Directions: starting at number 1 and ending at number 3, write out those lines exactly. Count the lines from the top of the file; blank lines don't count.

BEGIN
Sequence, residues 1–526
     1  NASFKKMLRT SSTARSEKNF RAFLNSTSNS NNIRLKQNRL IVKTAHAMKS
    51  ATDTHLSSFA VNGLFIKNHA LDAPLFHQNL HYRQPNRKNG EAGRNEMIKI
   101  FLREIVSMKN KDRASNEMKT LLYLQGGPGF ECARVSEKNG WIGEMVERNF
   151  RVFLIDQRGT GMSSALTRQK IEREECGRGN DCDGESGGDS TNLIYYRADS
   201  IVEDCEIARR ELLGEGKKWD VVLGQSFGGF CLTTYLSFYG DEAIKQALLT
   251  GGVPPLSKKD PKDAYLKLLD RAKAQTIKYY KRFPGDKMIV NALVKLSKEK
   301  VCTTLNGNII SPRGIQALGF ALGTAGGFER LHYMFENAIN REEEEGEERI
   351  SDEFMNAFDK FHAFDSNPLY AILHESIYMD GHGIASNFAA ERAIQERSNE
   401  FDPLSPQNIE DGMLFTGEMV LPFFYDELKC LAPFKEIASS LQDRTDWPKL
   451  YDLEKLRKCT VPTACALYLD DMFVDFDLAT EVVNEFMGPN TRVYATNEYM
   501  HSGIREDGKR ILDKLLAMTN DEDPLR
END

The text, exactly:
Sequence, residues 1–526
     1  NASFKKMLRT SSTARSEKNF RAFLNSTSNS NNIRLKQNRL IVKTAHAMKS
    51  ATDTHLSSFA VNGLFIKNHA LDAPLFHQNL HYRQPNRKNG EAGRNEMIKI